I liked Arq, but found a couple of bugs and wasn't sure I wanted my data in a format that only a single program uses when it's a single developer piece of software. There's meant to be an open source decoder to mitigate that risk. I don't trust CloudBerry fully either, I do use their incremental encrypted backups but I also keep a plain copy. I trust AWS S3 more, which is why I upload zipped files, to a bucket that's encrypted, version controled, and the user doing the upload has very limited permissions.


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  # 2323171 23-Sep-2019 09:09
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timmmay:

 

...

 

I use CloudBerry backup, syncing to AWS S3, into a version controlled bucket with a lifecycle policy that moves to different storage tiers and eventually deletes old versions. But BackBlaze is easier for most. Beware their 30 day version history.

 

 

@timmmay, Been following you backup setup posts of which have been very knowledgeable. I am heading down this path and would be interested in understanding your retention policy setup in AWS. I was looking to use glacier to store of sit backups. Plan was to back up to my NAS and then backup/clone the back up to AWS glacier which would go via S3 using Duplicati or RClone.

 

trying to figure out how to keep glacier manageable, that is not having more than 6 months of full back ups as an example.


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  # 2323207 23-Sep-2019 10:20
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Yoban:

 

@timmmay, Been following you backup setup posts of which have been very knowledgeable. I am heading down this path and would be interested in understanding your retention policy setup in AWS. I was looking to use glacier to store of sit backups. Plan was to back up to my NAS and then backup/clone the back up to AWS glacier which would go via S3 using Duplicati or RClone.

 

trying to figure out how to keep glacier manageable, that is not having more than 6 months of full back ups as an example.

 

 

Heads up - don't use Glacier service directly, it's useful in some cases but doesn't have the deep archive class. Use S3 with the various storage classes. It's more flexible and much easier to use.

 

My retention policy is fairly simple - delete old versions after 366 days. I never delete the current version.

 

 

I also have some lifecycle rules in place to tier things. Here's what I use for my bucket which is purely used for long term archive.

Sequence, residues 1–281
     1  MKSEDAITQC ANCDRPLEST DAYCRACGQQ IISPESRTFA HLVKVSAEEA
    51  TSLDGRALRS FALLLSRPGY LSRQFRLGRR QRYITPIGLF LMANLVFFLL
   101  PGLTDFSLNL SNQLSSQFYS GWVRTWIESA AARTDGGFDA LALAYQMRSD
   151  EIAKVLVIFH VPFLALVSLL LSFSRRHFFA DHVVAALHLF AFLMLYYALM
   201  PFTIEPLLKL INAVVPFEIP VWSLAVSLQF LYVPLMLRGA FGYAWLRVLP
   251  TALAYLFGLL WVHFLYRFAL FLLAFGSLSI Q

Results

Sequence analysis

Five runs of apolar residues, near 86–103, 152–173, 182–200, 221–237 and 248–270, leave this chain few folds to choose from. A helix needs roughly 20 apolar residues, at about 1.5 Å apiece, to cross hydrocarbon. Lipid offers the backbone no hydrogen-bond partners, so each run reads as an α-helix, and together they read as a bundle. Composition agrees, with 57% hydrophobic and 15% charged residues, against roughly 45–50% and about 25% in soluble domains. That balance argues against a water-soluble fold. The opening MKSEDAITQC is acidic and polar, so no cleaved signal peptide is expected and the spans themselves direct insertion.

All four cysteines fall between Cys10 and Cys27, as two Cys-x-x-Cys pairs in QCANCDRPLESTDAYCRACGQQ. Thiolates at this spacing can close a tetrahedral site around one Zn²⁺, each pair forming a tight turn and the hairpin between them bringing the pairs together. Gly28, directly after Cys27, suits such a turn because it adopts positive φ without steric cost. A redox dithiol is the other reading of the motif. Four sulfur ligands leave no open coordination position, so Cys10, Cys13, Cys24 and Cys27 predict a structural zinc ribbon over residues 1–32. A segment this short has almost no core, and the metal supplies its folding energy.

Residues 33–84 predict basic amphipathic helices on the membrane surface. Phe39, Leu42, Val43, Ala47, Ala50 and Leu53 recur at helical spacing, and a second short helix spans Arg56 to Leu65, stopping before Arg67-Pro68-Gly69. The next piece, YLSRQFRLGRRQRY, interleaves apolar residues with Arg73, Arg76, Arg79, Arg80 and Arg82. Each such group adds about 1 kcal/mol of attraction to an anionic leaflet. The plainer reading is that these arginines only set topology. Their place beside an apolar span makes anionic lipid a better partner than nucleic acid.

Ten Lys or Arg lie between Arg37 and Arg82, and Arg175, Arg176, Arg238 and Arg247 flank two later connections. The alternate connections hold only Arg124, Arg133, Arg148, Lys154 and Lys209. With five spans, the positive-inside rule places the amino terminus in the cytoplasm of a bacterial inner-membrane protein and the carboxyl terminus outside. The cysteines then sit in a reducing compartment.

Here's a more sensible lifecycle policy if the bucket is for general purpose use by a piece of backup software. It doesn't use deep archive, it uses infrequent access. I don't tend to bother with this, if I want something to be IA class I set it on upload.

 

 

 

 

I have Restic backup four repositories to one bucket. For that I want the data folder in IA class, but I want the indexes and such in S3 standard. Because Restic can delete data blocks at any time I don't want it in Glacier class. Note the prefer - prefix is similar to a path on a file system.

 

 

 

 

 

 


 
 
 
 


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  # 2323331 23-Sep-2019 12:33
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NAS drives MUST MUST MUST also be backed up
backup the NAS to USB drives & have those offsite . Sort of makes the NAS just an un-needed step for a good backup plan then.

 

NAS's can & do fail . Data on NAS's can corrupt or become unreadable .
A power spike /malware etc etc can also take out the NAS .

 

Also , think about ease of recovery . If you have alot of data to be recovered, how quickly can you recover if using cloud storage .
Can your cloud backup be used for a full image recovery ?
Also, do some test recoveries. Never just assume they will work.

 


Sometimes its just easiest to backup(image) to USB drives . Win7/10 backup/image works really well. 


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  # 2323706 24-Sep-2019 09:27
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Thanks @timmmay, very insightful. Now time to go experiment with using NAS on onsite copy and AWS as offsite. Will most likely backup to NAS and then backup/sync the backups to AWS. Your idea of also storing the "original" data in ZIP files is a good idea especially if recovery is needed and I am reliant on a backup application to restore as you pointed out.